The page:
September 18, 2009
Ritual and Community
The Rev. Dr. Scott Stoner
Watching a Wisconsin football game and seeing most of the stadium decked out in red, and everyone singing "Varsity" together never fails to give me goose bumps. As college football begins again this year, experiences like this are happening in every college football stadium across the country. The same is happening at the pro level. Last night during the Packer-Bear game, the cameras showed several young men leading a cheer whose entire bodies were painted green and gold in support of the home team. They were of course surrounded by hundreds of people who all were all wearing various symbols of their home team allegiance.
You may not be a football fan yourself, but please keep reading, because this is not a column about football. Today I write about the universal human longing for ritual and community. Football fans and the rituals that help them identify with a larger community are simply one example of this longing. As an Episcopal priest, I have been fascinated by the subjects of ritual and community my whole life. I get a kick out of my unchurched friends who will sometimes tease me about the church and how it has so many 'odd' rituals, and yet see nothing 'odd' about painting your face green and gold, or wearing a cheesehead while you watch a Packer game in your family room. The lesson here is that rituals that make sense to everyone inside of a community sometimes look 'odd' to those outside the community.
What are the important communities in your life? What rituals define those communities? Some of your rituals and communities may be related to hobbies and recreation, to work or professional interests, to friends, to family and extended family, and/or to spiritual and religious meaning. All of these communities and rituals are essential for our lives.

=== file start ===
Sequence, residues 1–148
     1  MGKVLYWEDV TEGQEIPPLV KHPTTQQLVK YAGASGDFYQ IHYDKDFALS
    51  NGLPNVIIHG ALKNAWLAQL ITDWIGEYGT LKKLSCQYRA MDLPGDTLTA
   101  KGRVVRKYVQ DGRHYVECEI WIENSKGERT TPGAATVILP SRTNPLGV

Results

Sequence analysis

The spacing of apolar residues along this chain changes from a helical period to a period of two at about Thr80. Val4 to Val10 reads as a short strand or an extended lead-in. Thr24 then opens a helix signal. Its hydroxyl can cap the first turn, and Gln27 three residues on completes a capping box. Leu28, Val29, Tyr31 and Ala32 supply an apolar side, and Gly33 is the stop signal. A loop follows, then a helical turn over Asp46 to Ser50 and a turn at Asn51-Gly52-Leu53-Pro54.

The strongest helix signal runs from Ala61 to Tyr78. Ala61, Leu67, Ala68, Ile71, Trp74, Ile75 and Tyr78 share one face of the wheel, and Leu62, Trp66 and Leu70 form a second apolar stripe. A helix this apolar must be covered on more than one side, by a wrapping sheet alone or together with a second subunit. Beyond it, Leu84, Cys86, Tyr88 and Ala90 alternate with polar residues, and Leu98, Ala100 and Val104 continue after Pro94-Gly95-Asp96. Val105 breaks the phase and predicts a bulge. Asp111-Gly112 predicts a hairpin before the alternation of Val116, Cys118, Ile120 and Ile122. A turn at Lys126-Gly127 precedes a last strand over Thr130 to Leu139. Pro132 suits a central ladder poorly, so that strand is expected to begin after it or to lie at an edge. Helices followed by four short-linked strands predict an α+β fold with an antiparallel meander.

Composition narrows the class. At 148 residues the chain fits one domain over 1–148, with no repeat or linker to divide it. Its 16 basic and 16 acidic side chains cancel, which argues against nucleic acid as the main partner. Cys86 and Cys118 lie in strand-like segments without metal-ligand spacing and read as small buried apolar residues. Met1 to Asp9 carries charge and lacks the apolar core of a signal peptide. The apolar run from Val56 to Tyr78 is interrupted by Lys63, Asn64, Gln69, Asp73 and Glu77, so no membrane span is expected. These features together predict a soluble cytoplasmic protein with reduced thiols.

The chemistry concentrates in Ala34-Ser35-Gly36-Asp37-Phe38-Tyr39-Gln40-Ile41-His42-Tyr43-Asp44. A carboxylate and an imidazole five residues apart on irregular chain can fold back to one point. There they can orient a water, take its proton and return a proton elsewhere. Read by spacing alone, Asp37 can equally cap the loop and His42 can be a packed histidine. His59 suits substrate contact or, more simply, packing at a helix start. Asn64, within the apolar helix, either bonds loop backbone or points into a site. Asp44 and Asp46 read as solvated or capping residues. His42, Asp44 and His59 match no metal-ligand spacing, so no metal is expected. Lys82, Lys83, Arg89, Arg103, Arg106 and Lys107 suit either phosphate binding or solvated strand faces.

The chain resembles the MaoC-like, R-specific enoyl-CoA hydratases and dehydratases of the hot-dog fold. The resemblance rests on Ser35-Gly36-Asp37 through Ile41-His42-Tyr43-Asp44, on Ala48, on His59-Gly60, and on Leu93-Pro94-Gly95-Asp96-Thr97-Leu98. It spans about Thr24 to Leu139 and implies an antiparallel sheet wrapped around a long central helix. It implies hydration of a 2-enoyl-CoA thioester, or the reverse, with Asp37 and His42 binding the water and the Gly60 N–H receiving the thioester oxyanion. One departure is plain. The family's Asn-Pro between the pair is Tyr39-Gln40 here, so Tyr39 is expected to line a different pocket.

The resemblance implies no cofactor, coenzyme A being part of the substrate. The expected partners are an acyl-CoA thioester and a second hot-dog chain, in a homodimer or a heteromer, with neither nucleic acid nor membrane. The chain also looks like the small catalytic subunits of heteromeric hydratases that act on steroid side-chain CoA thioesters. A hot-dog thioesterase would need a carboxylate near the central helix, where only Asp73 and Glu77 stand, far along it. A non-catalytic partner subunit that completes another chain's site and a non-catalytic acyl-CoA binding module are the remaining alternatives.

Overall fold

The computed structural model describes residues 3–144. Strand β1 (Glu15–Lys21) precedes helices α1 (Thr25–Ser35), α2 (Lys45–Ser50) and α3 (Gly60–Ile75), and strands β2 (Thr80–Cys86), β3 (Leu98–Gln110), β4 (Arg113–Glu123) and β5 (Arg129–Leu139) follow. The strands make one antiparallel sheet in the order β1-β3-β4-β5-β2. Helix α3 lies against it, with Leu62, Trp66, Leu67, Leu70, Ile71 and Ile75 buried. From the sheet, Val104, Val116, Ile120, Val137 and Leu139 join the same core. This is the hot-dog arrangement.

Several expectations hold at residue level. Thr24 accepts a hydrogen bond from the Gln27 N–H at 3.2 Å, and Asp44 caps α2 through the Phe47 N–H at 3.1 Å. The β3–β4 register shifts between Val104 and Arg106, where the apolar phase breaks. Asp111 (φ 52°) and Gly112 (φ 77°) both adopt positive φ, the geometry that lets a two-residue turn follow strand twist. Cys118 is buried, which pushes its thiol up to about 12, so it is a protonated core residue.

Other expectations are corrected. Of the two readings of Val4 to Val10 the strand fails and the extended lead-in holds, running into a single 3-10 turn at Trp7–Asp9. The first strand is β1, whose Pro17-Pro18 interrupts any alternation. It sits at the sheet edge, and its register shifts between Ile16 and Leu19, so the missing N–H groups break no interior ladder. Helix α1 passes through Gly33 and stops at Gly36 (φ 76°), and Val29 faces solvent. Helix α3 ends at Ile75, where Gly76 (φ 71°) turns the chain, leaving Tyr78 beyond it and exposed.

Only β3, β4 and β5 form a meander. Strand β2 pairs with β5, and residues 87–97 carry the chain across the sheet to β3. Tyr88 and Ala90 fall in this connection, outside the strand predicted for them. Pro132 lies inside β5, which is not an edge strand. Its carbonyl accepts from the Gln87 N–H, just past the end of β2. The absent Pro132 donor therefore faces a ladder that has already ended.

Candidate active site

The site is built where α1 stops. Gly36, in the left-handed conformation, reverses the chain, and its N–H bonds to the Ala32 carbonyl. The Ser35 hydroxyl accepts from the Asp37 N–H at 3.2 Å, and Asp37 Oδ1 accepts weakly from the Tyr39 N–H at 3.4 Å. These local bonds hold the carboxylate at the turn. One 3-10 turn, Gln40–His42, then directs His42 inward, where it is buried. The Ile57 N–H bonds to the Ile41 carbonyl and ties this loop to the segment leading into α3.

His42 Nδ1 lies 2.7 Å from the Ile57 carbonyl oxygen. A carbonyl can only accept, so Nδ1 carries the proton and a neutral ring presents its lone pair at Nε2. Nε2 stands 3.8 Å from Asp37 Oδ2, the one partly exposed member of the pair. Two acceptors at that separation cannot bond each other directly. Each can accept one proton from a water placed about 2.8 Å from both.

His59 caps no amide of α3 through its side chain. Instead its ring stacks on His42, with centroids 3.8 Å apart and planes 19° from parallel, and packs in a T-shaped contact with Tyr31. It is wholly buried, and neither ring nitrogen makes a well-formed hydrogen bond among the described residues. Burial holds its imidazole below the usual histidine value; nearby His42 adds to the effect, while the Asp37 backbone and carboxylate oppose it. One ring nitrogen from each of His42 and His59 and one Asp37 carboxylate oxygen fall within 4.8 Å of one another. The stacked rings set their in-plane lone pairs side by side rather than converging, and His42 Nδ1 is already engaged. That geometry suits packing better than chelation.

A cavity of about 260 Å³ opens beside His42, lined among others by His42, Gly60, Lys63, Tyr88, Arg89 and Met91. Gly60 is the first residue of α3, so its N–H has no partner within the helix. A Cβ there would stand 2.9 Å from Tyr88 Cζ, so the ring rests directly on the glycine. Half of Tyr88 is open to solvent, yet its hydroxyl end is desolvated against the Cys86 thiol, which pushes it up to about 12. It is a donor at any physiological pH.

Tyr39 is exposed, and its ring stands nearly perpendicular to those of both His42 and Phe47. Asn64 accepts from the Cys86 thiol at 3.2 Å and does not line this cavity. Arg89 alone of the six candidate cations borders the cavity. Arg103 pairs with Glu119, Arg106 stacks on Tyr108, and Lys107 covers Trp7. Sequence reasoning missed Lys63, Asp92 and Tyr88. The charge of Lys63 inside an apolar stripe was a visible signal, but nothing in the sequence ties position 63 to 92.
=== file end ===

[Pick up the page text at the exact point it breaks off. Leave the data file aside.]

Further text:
In the brief space of a column like this, I just want to make one important point about the rituals and communities that help define our lives. From my perspective as a priest and therapist, where I see people struggling some times is when they are having a hard time letting go of a ritual or a community that no longer has meaning for them. Precisely because rituals and community are so important to us, we sometimes try to hold on to the past in ways that does serve us well in the present. "But we ALWAYS celebrated Thanksgiving like this when I was growing up......" can either be a wonderful memory to build on and adapt to the present, or it can become a rigid order that one tries to enforce on others who didn't always celebrate Thanksgiving that way. Family rituals are essential for the celebrating and passing on of meaning, but they also need to be able to adapt to present times as well. The same is true for places of worship, where the most common refrain to most changes is, "but we've never done it that way before."
Individuals, families and organizations are defined in large part by their rituals and communities. Those that thrive are those who know when it is time to create or re-create new rituals, and when it is time to invite new people into their communities.
So if you are a football fan, enjoy this wonderful time of year as a new season begins and our hopes are high for our favorite team. If you are not a football fan, I hope these thoughts have at least given you a new way to understand the curious behaviors and passion of the football fans in your life.